Mastering Time Management

Stock image courtesy of Canva.

The week has flown by, and the weekend is already half over. The scariest part, is July is almost over. Where has our summer gone?

My work weeks never seem to be productive at home, because after spending all day on my feet I just don’t feel like doing much. I probably shouldn’t let it bother me, but it does.

I hate to admit it, but something I struggle with is time management. When I’m working my shift at the library, I seem to get a lot done in a day. But when I’m home it’s a whole different story.

I have been using a bullet journal for about a year and a half (give or take). I have tried several different layouts and have decided simple is best. Sure, the bujos on Instagram are nice to look at, but they must take a lot of time to make pretty. When I started out, I followed the pretty layouts but soon found myself spending more time journaling and planning than doing what I was supposed to be.

I borrowed a copy of Ryder Carroll’s The Bullet Journal from my local library (yes, the one I work at) and his method is super simple. Granted it doesn’t look as fancy and colourful as others I have seen, but there’s something to be said about the simplicity.

I have added a habit tracker this month to mine, because I found myself rewriting some of the same things day after day. I stepped away from the habit tracker for several months, but found it’s something I benefit from. This way I can keep track of how often I do my morning pages, water my plants, vacuum, do laundry and so forth. Plus, I also have the bottom half of it as a health tracker. I like to keep track of how often I walk in a month, how many nights I get to bed before midnight, do my yoga/pilates and even lady days.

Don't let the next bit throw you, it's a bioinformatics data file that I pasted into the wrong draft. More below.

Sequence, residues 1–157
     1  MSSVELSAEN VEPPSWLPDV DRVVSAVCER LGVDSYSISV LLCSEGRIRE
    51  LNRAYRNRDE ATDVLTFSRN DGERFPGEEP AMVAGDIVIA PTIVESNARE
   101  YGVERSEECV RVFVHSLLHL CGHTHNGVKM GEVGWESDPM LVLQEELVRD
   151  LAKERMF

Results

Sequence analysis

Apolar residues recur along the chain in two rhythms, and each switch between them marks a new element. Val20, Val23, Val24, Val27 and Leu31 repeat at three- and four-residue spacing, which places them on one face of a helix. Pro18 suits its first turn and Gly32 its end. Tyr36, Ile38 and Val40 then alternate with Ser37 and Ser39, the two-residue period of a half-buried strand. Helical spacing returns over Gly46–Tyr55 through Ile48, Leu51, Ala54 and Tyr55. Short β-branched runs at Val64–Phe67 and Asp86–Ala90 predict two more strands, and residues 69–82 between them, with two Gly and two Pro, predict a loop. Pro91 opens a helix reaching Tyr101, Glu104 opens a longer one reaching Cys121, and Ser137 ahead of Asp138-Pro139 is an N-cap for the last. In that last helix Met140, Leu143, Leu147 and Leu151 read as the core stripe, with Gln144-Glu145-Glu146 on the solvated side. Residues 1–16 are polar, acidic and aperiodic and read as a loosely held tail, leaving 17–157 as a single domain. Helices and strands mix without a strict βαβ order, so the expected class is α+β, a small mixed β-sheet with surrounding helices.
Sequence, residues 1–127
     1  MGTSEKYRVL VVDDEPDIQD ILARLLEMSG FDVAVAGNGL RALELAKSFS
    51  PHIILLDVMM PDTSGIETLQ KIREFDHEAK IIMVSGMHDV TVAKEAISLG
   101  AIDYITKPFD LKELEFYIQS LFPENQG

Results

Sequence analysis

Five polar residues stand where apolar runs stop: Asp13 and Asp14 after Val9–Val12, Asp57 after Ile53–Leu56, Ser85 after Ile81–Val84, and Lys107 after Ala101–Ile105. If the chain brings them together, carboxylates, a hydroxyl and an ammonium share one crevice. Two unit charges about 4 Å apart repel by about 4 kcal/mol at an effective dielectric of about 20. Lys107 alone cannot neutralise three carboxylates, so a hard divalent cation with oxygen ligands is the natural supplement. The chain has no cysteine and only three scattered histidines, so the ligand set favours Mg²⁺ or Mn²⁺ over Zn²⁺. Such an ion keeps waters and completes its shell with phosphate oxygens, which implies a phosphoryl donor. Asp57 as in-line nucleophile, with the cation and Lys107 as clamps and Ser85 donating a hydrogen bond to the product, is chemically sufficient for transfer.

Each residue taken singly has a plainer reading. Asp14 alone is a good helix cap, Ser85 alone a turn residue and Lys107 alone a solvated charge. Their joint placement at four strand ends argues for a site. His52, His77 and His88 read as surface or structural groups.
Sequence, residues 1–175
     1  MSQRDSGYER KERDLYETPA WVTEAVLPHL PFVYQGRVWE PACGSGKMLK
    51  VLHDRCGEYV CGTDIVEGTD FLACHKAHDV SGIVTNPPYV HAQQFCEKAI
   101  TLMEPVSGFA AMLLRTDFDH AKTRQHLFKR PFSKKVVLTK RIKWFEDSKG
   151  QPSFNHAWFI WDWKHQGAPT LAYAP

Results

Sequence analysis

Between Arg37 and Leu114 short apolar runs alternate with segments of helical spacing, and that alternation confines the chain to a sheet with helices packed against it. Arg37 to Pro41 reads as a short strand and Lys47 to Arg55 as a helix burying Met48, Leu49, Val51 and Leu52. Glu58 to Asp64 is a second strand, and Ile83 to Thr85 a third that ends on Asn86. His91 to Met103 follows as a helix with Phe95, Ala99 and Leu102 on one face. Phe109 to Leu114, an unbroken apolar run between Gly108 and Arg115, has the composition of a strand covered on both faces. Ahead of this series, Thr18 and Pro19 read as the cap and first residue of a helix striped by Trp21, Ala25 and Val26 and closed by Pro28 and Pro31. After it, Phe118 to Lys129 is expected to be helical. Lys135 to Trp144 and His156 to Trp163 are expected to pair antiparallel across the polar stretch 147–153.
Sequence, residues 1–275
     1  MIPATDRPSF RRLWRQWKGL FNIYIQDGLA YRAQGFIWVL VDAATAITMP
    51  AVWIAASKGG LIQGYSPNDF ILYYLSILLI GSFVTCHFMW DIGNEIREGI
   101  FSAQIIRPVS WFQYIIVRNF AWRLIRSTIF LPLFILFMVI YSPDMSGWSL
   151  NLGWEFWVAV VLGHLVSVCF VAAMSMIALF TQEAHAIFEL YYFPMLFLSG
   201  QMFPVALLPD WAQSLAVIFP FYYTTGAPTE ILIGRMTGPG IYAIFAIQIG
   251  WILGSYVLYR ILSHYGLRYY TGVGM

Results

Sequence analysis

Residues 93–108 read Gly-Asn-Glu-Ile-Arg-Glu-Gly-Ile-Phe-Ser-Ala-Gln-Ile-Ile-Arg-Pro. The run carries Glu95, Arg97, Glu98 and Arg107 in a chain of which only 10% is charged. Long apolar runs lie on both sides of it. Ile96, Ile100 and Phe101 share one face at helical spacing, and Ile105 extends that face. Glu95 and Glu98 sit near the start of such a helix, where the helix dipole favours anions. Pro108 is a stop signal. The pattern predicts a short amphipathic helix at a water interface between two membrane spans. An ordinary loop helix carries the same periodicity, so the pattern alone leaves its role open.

Not all planning and time management systems work for everyone, which is why I like the flexibility of my BuJo. I like the concept of the future log, as pictured below. I can plan the major events a year in advance if I like, then add to it each month as occasions and appointments pop up. It’s looking pretty empty right now, but it will fill up as time goes on.

In previous months, I have actually drawn out a calendar but am finding Ryder’s method much easier. The days of the month are listed, one per line, and events, holidays and appointments are added as the month goes on. It not only takes up less space, but I can see at a glance what I can schedule for when.

When it comes to the daily pages, I had been dedicating one page per day, but found some days the pages were almost empty. Now I’m filling the pages with one, two or even three days worth of tasks/notes. I haven’t been doing a task list for each week anymore, but the daily pages take care of what needs to be done each day. I’ve gotten into the habit of filling it out right before bed, or first thing in the morning. That way, I don’t miss anything.

The photo below shows a couple of entries for days earlier this month. The tenth has a list starting on the previous page, but notice what was scheduled, what was done and the notes added to the days.

I know I still have a long way to go to manage my time perfectly (or even relatively close), but having it in writing has been positive for me. I find the more things I have going on, the more I need to schedule them in. One thing I haven’t scheduled in is novel-writing time, and have thus not touched it.

My manager and I were checking out Lynda.com yesterday; an online resource for courses available to library patrons. One of the first I will be taking is on time management. Since I work from home more than the library, I really need to learn some tricks to keep my household obligations separate from my work time (side hustle). I may be doing a follow up post after I take the course, providing I find it helpful.

Do you have trouble budgeting your time? If not, what system (if any) do you use to stay on track?

Photos (Copyright Diane Ziomek 2019) were taken specifically for this post, and are intended for single use only.